Ian Wright describes Cameron Jerome's disallowed goal for Norwich City as an "Armageddon moment"
PUBLISHED: 12:25 14 August 2015 | UPDATED: 13:54 14 August 2015
Cameron Jerome's disallowed goal against Crystal Palace may have been a prophetic moment of doom for football, according to former Arsenal and England striker Ian Wright.
Wright, who now works as a football pundit in the media, has raged about the decision to disallow Jerome’s spectacular effort by referee Simon Hooper – as have Canaries fans ever since last weekend’s 3-1 home defeat.
The goal was disallowed because of Jerome’s high boot being deemed as dangerous play by the official, denying Alex Neil’s side an equaliser having been 2-0 down at Carrow Road.
“If, in years to come, Terminators take over the world and people ask me ‘where did it all start?’ I will say it was when Cameron Jerome’s goal for Norwich was disallowed on the opening day of the 2015-16 season,” the 51-year-old wrote in his BBC Sport column.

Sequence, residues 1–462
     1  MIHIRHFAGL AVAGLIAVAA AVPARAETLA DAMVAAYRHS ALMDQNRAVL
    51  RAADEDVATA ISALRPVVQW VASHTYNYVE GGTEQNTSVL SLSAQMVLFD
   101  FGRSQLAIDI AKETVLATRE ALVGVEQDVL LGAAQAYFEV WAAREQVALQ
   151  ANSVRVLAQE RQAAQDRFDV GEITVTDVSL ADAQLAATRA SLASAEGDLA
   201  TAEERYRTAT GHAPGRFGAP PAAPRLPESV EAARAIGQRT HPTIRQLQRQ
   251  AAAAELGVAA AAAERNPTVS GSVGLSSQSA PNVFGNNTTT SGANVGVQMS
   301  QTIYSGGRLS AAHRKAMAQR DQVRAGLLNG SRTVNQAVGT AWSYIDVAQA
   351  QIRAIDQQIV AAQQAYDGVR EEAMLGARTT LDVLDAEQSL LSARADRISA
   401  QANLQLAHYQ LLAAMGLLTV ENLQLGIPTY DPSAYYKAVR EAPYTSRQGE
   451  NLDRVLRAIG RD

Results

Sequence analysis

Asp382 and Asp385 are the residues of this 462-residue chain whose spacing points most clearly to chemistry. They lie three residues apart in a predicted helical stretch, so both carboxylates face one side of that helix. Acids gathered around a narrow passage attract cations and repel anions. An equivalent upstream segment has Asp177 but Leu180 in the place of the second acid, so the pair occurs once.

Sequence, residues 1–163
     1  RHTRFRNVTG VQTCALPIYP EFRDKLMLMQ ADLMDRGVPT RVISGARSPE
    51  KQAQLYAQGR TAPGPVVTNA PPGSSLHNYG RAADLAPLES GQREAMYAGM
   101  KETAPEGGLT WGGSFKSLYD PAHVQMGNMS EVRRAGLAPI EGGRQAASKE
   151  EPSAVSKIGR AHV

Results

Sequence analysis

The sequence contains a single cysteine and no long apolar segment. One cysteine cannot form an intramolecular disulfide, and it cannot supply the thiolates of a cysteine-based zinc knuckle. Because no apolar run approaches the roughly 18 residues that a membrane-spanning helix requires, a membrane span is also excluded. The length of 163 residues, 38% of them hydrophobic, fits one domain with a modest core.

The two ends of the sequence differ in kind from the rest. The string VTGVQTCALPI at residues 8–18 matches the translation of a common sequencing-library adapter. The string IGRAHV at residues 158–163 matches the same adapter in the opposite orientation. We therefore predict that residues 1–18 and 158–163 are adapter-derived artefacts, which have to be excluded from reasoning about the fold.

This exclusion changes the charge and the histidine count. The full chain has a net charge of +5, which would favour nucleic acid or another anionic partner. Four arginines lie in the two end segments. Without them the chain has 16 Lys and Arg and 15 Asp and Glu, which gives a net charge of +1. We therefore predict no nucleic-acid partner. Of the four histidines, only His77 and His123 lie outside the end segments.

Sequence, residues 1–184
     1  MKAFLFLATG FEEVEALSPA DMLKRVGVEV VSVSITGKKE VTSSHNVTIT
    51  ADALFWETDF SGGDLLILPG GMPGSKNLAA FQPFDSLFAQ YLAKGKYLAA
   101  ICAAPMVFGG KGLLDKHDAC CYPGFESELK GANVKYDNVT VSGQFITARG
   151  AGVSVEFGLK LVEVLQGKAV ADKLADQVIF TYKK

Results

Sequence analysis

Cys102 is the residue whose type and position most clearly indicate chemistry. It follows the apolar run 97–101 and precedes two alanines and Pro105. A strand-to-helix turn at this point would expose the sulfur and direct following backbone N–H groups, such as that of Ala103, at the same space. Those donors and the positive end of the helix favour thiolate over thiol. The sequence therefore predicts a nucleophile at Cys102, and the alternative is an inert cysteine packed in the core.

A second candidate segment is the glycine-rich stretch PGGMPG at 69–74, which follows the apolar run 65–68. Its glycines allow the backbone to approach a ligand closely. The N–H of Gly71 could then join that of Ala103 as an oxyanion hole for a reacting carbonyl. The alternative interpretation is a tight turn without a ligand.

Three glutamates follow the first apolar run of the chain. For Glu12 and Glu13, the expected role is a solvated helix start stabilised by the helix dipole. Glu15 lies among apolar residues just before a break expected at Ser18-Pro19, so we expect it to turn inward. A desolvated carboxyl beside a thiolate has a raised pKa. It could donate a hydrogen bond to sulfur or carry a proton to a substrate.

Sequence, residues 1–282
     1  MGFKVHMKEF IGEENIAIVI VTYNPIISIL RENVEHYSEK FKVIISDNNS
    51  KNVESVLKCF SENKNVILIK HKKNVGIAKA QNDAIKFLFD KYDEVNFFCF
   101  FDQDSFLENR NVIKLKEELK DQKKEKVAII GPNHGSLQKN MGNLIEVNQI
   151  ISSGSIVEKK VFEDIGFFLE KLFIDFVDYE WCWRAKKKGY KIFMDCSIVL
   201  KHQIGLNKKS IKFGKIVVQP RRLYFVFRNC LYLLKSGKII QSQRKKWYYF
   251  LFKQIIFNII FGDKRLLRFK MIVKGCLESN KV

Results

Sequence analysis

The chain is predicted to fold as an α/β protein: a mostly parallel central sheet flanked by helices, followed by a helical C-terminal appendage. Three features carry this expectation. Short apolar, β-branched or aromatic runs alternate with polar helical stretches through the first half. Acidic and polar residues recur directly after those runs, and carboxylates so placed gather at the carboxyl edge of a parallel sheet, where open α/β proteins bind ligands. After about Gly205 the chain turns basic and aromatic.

“That decision was ridiculous and it really was the beginning of the end for me – it is an Armageddon moment if it sets the tone for decisions for the rest of this campaign.
“I know referees are always very whistle-happy at this stage of the season but, if you are disallowing goals for an overhead kick where the ball has gone before the defender’s head is anywhere near it, then where do you stop?
“From a striker’s point of view, it is very frustrating because we should have been talking about how quickly Cameron adjusted to put himself in a scoring position, and celebrating a creative and instinctive finish.
Wright scored 90 goals for Crystal Palace and 128 for Arsenal, as well as nine in 33 games for England, so knows a thing or two about scoring at the top level.
“That is exactly the sort of point I will be making on Match of the Day this Saturday,” he continued.
“When I am on the show, I want to highlight bits of skill and showcase them so that kids want to do the same, and it is really annoying when brilliant goals like that are disallowed, because the decision then becomes the talking point instead of the skill itself.”
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